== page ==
One of the most awaited festivals for youngsters is Holi. It is the festival which brings people together to celebrate the victory of good over evil. The festival was celebrated with fervour and joy at few hotels in city which had organised grand holi celebrations. The city also witnessed college students celebrating the festival of the colours with their friends. Seervi Samaj in Mysuru had also organised traditional celebrations of holi at its premises on KRS road. This Weekend Star Supplement is about the Holi celebrations, its significance and yummy sweets for the occasion.
Holi, the festival of colours
Holi is an important spring festival for Hindus. To many Hindus and some non-Hindus, it is a playful cultural event and an excuse to throw coloured water at friends or strangers in jest. Holi is celebrated at the end of winter, on the last full moon day of the Hindu luni-solar calendar month marking the spring, making the date vary with the lunar cycle. The date falls typically in March, but sometimes late February of the Gregorian calendar.
The festival has many purposes; most prominently, it celebrates the beginning of Spring. In 17th century literature, it was identified as a festival that celebrated agriculture, commemorated good spring harvests and the fertile land. Hindus believe it is a time of enjoying spring’s abundant colours and saying farewell to winter. To many Hindus, Holi is an occasion to renew ruptured relationships, end conflicts and rid themselves of accumulated emotional impurities from the past.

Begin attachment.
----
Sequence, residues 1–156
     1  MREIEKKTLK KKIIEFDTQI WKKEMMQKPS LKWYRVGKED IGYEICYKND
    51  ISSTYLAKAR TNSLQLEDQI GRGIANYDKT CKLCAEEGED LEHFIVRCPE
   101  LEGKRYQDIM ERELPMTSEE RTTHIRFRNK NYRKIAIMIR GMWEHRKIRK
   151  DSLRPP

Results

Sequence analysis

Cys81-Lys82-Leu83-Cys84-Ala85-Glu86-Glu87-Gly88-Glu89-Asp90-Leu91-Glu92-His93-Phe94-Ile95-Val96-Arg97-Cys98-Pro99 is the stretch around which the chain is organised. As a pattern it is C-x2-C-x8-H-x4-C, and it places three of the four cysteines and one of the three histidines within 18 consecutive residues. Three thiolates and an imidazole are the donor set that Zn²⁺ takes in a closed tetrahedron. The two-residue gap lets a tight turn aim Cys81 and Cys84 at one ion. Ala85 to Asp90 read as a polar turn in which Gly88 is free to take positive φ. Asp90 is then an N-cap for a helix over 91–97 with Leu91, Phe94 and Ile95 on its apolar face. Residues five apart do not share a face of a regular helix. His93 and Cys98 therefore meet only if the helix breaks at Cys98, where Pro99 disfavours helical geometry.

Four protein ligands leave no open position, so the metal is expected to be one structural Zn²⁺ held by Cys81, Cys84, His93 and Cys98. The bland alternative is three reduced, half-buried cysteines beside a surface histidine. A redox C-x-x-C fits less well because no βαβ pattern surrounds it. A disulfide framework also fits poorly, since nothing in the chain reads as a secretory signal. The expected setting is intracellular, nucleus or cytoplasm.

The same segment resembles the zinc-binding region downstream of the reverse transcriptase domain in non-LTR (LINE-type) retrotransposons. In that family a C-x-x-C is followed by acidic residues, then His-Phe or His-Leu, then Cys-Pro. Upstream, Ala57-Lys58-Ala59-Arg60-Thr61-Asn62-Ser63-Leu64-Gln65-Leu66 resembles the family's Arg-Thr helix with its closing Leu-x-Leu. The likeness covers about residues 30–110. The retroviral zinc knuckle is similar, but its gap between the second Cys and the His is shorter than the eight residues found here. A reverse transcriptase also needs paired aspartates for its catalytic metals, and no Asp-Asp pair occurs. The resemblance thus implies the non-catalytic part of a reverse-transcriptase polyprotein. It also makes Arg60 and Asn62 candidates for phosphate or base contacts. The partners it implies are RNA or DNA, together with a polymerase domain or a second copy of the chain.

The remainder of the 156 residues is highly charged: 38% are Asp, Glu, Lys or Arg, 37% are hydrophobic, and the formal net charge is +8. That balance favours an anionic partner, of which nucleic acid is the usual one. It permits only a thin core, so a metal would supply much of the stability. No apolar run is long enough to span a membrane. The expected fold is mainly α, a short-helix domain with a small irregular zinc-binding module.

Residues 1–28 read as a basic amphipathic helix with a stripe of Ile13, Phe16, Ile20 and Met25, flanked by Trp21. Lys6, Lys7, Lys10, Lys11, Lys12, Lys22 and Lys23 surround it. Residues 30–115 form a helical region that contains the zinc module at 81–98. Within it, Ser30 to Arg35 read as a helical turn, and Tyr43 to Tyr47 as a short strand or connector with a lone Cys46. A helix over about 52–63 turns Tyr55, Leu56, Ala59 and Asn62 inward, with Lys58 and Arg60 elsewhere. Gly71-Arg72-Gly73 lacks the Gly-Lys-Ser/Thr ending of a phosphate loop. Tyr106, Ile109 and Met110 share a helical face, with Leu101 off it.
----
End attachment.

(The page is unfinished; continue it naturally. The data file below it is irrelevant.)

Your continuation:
It also has a religious purpose, symbolically signified by the legend of Holika. The night before Holi, bonfires are lit in a ceremony known as Holika Dahan (burning of Holika) or Little Holi. People gather near fires, sing and dance. The next day, Holi, also known as Dhuli in Sanskrit or Dhulheti, Dhulandi or Dhulendi is celebrated. Children and youth spray coloured powder solutions (gulal) at each other, laugh and celebrate, while adults smear dry coloured powder (abir) on each other’s faces. Visitors to homes are first teased with colours, then served with Holi delicacies (such as puranpoli, dahi-bada and gujia), desserts and drinks. After playing with colours, and cleaning up, people bathe, put on clean clothes, and visit friends and family.
Like Holika Dahan, Kama Dahanam is celebrated in some parts of India. The festival of colours in these parts is called Rangapanchami, and occurs on the fifth day after Poornima (full moon).
Holi festival has religious and historical significance in Hindu texts. According to legends, King Hiranyakashyapu used to hate Lord Vishnu and threatened people in his kingdom to stop worshipping him. But, Prahalada, his own son, was a ardent devotee of Lord Vishnu.
Prahalada denied obeying his father which infuriated the King. Hiranyakashyapu instructed his sister ‘Holika’ to pulverise his own son Prahald. Holika had the boon of being immune to fire. She was absolutely sure that she would not get affected by the blazing fire and took seat on the fire with young Prahlad on her lap. Lord Vishnu rendered protection of his devotee Prahlad and he was alive but Holika was burnt into death. Since, then festival of Holi signifies the victory of good over evil.